Be it resolved: The public health response to COVID-19 should focus on protecting the old and letting the young get on with living normal lives


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We’re heading into the twelfth month of a global pandemic and in many places the spread of COVID-19 shows no signs of slowing down. As infections continue to surge, countries in the northern hemisphere have started to reimpose lockdowns restricting people's movement and social interactions and closing portions of their economies. Many political leaders and their public health advisors argue that these kinds of restrictions are necessary as a crisis measure when infections spiral out of control, threatening a collapse of hospitals and devastating health consequences. They also advocate a strategy of suppression to keep infections low once the crisis is brought under control. But some politicians and public health experts are criticizing what they believe is an overly draconian approach. They say that it makes no sense to prevent the healthy and young from going about their normal lives when their risk of dying from the virus is less than the flu and they suffer considerable collateral damage from lockdowns. They argue that countries should adopt a focused approach to fighting the pandemic that zeroes in on protecting elderly and vulnerable.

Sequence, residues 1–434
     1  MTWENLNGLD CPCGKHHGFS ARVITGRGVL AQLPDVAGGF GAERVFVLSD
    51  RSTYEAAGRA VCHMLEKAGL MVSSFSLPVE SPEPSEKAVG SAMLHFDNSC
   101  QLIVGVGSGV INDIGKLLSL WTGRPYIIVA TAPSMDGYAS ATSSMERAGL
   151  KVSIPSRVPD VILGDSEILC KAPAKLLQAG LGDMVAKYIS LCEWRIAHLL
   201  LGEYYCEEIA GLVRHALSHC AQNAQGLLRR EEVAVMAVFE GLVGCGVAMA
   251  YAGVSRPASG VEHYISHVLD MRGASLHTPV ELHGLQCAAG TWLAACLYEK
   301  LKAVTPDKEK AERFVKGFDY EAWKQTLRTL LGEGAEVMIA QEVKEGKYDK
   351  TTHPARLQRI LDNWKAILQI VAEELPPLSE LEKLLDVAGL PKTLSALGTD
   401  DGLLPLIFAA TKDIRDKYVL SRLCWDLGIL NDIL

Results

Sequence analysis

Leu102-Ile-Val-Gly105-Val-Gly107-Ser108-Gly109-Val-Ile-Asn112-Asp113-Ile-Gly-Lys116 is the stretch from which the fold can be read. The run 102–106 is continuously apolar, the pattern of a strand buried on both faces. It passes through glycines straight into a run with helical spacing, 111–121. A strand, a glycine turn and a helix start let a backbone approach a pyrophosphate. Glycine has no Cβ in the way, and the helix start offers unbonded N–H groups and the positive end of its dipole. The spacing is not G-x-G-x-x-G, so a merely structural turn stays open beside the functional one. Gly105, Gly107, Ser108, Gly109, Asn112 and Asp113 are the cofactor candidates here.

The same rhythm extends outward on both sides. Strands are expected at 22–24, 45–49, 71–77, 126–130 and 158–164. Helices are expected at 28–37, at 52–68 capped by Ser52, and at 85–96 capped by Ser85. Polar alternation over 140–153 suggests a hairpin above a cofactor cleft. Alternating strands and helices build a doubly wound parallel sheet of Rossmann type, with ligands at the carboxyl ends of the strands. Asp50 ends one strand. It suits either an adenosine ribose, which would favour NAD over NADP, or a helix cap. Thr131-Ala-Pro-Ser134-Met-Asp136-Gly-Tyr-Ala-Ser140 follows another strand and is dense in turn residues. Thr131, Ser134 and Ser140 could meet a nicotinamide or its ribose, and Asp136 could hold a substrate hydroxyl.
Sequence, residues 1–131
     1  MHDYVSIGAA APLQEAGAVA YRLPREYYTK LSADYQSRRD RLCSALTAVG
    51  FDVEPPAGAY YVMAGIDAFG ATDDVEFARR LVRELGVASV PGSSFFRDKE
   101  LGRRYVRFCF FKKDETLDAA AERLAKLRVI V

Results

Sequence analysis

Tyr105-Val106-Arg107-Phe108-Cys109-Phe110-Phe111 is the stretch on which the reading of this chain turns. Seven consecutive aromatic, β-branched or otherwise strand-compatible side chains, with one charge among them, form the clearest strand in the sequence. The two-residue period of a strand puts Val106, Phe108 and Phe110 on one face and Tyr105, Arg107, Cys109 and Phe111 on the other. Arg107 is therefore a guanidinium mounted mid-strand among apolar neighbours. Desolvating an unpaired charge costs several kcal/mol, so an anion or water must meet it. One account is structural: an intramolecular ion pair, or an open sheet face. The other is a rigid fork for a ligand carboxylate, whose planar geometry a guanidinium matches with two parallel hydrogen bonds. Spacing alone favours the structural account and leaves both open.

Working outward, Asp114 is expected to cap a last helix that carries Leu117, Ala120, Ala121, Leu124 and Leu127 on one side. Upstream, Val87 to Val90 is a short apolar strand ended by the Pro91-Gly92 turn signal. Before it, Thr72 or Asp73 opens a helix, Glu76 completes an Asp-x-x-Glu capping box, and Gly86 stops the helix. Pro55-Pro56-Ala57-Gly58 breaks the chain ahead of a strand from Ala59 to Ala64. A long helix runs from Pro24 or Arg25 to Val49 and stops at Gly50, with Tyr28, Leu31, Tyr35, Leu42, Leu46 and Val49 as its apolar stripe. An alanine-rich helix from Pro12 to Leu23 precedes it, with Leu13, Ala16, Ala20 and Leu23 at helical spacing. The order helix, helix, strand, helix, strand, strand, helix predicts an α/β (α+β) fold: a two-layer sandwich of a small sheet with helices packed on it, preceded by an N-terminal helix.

Arguing for the motion is Martin Kulldorff, Professor of Medicine at Harvard University. He is one of the authors of the recently released Great Barrington Declaration which advocates an alternative, risk-based approach to combating the COVID-19 pandemic.

Arguing against the motion is Stephen Reicher, Professor of Psychology at the University of St. Andrew’s in Scotland. He sits on a subgroup of SAGE, the official scientific body advising the UK government on its COViD 19 response.

Sources: Global, ABC, NBC, City TV, CBC, NDTV, CBS 6

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